Being homophobic can come back to, uh, bite you in the butt. Look at the obvious examples like Dick Cheney and Alan Keyes. And, that minister who just had to resign, the one who happened to want sex with a man.

    Matthew, why the HELL are we even talking about ANY of this? When you die, don't you want some time to be allowed to rest in peace??

    COME ON!!

    Posted by: Gilli | Jan 31, 2006 1:47:13 PM


  16. Cruel and petty...followed by go jump off a bridge! Wow!
    Mrs. King was a good wife and mother. She was also good at preserving her husband's legacy

    Was she a historical icon? Probably not...

    Posted by: Matthew Schooler | Jan 31, 2006 5:13:39 PM


  17. Trust me Matthew, cruel, petty and telling you to jump off a bridge were the nicest things I could come up for you.

    Whether you disagreed with the previous posters or not, Mrs. King didn't deserve the scorn you gave her and anyone who isn't part of Stormfront knows that.

    Posted by: Damon | Jan 31, 2006 5:35:13 PM


  18. Stromfront?!?!? I’m a white racist now? I don't she was a great historical person. I think her husband was a great man with historical value.
    Yes I am sorry she is no longer alive. Any life is worth mourning (except maybe the life of a Muslim terrorist). I don’t think she would put herself in the same category as her husband. Why would you?

    Posted by: Matthew Schooler | Jan 31, 2006 7:04:04 PM


  19. I'm happy you caught the reference. I didn't say you were a white racist, I'm saying that your bitterness and disrespectful attitude could only be compared to a white racist. I don't get the rest of your post because its a contradiction of the original one I bitched about.

    And I don't even think Mr. King himself would put himself in the category that he was in.

    Posted by: Damon | Jan 31, 2006 7:16:11 PM


  20. I will always think of Coretta Scott King as an ANGEL.

    She was so regal and so brilliant, and a huge supporter of the gay community. I once met her long-time personal assistant, and was awed that she had chosen a gay, white man to be her personal assistant.

    I don't know that I have ever adored any one human as much as I adore Coretta Scott King. I have been crying all night with grief at our losing her.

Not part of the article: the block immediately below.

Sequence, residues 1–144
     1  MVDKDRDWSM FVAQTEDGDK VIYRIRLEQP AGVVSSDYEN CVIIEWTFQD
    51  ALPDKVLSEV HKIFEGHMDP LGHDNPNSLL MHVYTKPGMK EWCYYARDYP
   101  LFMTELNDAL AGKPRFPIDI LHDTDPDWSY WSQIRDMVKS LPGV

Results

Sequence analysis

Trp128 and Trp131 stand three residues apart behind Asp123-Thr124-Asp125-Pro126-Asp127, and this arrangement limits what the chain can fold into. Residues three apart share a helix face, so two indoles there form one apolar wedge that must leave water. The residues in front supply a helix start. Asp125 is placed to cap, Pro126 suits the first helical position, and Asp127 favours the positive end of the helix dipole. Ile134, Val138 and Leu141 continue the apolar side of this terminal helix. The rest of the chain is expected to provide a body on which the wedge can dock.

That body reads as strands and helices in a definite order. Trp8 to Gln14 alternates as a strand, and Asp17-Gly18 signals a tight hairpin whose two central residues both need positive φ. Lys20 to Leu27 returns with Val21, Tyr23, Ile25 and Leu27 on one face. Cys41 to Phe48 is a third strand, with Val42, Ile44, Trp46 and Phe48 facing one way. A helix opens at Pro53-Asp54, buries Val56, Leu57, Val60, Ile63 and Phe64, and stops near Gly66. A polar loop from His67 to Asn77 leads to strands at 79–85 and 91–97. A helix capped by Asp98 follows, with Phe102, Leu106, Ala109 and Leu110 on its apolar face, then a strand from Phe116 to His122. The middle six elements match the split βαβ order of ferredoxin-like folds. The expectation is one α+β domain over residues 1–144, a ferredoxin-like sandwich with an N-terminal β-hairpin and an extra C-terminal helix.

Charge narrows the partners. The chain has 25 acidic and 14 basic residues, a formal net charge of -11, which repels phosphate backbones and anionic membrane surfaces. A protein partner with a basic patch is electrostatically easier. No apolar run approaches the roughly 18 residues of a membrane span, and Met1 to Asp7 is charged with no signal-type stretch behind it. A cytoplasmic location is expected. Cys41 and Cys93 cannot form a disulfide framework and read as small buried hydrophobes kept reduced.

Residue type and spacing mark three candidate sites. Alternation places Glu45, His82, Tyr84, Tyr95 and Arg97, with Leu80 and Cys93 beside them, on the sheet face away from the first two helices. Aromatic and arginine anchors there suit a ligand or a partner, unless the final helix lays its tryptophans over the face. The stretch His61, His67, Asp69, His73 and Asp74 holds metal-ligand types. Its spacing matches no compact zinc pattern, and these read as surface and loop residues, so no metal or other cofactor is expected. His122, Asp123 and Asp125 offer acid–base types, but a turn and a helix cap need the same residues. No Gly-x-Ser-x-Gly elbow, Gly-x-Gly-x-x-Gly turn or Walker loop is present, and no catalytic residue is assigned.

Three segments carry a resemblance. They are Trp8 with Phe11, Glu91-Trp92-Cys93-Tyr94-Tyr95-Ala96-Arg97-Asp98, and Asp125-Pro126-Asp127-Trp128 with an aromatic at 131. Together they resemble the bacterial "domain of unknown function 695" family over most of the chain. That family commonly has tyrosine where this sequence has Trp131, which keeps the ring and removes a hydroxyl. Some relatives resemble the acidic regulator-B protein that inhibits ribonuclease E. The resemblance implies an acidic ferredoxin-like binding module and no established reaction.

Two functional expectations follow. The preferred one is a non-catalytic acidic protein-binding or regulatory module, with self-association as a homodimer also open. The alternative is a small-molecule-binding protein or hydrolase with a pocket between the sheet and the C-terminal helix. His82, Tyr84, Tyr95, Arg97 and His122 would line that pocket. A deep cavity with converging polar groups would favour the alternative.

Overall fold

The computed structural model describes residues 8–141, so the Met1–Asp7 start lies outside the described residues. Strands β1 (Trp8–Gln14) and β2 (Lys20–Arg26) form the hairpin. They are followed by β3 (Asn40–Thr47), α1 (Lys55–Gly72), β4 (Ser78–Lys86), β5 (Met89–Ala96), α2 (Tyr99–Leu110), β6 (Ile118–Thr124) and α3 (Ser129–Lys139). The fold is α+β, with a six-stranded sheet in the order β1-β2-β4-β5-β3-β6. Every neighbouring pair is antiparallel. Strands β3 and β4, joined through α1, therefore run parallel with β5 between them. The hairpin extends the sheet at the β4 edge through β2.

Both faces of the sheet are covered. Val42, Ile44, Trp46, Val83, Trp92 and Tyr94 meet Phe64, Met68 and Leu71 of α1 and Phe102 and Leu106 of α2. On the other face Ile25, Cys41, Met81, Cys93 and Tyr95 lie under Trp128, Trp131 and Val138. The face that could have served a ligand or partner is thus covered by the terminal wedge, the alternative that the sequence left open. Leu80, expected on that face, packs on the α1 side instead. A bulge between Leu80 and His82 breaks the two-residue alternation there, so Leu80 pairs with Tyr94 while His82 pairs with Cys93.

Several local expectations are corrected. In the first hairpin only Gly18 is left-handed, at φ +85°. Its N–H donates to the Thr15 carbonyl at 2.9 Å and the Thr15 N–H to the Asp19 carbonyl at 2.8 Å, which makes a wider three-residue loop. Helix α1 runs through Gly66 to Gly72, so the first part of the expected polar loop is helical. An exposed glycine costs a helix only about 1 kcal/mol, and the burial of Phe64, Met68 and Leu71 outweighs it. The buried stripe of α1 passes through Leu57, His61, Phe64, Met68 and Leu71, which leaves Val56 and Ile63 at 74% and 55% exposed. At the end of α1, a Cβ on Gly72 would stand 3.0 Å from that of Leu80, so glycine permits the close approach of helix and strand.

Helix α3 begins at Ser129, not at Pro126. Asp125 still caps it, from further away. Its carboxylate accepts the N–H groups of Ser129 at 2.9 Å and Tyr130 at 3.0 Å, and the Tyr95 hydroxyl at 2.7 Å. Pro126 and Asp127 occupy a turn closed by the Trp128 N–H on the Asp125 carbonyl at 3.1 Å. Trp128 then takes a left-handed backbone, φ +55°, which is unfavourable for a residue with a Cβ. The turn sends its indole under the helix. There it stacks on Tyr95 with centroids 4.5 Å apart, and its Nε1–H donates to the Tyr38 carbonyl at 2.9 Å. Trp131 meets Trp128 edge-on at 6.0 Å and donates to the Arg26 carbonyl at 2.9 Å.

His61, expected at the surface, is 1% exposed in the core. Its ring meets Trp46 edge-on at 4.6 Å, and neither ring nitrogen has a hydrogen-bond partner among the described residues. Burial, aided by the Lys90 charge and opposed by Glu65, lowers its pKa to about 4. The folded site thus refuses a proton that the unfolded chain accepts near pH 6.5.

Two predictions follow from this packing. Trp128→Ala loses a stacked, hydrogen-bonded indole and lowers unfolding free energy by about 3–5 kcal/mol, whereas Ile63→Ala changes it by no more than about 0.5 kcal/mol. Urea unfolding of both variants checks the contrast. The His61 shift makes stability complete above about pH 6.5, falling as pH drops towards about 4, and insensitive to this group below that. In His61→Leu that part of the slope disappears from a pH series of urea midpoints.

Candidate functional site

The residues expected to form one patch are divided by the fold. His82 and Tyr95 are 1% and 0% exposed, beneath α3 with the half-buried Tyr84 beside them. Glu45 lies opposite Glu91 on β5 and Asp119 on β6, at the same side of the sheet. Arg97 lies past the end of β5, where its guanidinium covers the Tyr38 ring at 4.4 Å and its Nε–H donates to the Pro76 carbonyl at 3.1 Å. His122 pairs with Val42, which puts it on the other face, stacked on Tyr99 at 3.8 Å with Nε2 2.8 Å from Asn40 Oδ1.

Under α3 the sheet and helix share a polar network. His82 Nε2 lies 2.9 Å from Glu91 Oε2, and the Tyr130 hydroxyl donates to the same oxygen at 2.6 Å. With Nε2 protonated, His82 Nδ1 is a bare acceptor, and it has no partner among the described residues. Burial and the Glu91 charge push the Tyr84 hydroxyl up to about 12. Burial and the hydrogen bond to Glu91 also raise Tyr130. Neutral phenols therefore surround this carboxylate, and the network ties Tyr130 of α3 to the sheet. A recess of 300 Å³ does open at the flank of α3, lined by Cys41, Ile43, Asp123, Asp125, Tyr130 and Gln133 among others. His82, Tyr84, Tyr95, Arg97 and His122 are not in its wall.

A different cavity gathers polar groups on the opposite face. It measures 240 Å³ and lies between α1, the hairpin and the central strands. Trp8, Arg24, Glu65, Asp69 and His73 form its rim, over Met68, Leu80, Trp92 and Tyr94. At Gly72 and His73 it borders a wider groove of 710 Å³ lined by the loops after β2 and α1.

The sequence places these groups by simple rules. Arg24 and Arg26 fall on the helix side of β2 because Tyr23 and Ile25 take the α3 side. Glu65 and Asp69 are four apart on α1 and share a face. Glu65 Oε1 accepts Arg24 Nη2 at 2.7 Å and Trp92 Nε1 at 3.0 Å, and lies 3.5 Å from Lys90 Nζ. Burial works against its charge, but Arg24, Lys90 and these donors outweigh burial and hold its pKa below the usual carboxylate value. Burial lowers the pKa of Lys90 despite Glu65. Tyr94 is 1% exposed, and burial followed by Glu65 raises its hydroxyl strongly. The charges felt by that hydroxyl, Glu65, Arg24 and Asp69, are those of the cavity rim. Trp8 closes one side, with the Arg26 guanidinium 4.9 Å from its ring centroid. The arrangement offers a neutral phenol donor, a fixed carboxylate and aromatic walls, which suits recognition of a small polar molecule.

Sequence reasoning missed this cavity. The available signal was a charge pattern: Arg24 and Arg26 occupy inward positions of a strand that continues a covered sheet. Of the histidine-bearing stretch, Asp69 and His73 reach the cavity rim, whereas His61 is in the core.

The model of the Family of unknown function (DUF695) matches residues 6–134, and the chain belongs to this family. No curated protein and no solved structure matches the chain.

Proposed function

Posted by: Hephaestion | Jan 31, 2006 7:18:43 PM


  21. Matthew,

    I didn't tell you to jump off a bridge.

    I was trying to provide clarification then reminded myself that it wasn't important.

    An influential "first lady" has passed and we shd respect that instead of pretending that we don't all make mistakes.

    Posted by: Gilli | Jan 31, 2006 7:33:06 PM


  22. Coretta Scott King is an historical icon in her own right. Her leadership is widely credited during the Civil Rights movement of the 60s, and the only reason she isn't associated with it as much as her late husband, or as automatically as he, is due the backseat she was compelled to take at the time due to her own gender and race, and of course she was eclipsed caused by her own husband's assassination.

    Posted by: david | Jan 31, 2006 7:41:56 PM


  23. I said mourning a life is fine... but you insist on raising her up on a pedestal to saint hood....the greatest lady since the Virgin Mary! blah blah blah....she was a woman married to Dr MLK and she is now dead. End of story. She deserves to be mourned for that reason. No contradictions here. I dont mourn the way the rest of you do!

    Posted by: Matthew Schooler | Jan 31, 2006 8:04:22 PM


  24. Kudos to Coretta for throwing the RightNutGayBats off their Bush SOTU spinning if only for a moment.

    Too bad her son is a homophobe. I wonder if that bothered her.

    Posted by: Chad Hanging | Jan 31, 2006 8:18:16 PM


  25. SOTU tonight...we are oil addicts and Iran is going nuclear! Hmmmm...sounds like we have heard this one before. I guess nobody believes it this time either. Ted Kennedy and Micheal Moore get out your bull horn! I smell Oscar for Michael!!!!

    Posted by: Matthew Schooler | Jan 31, 2006 9:01:20 PM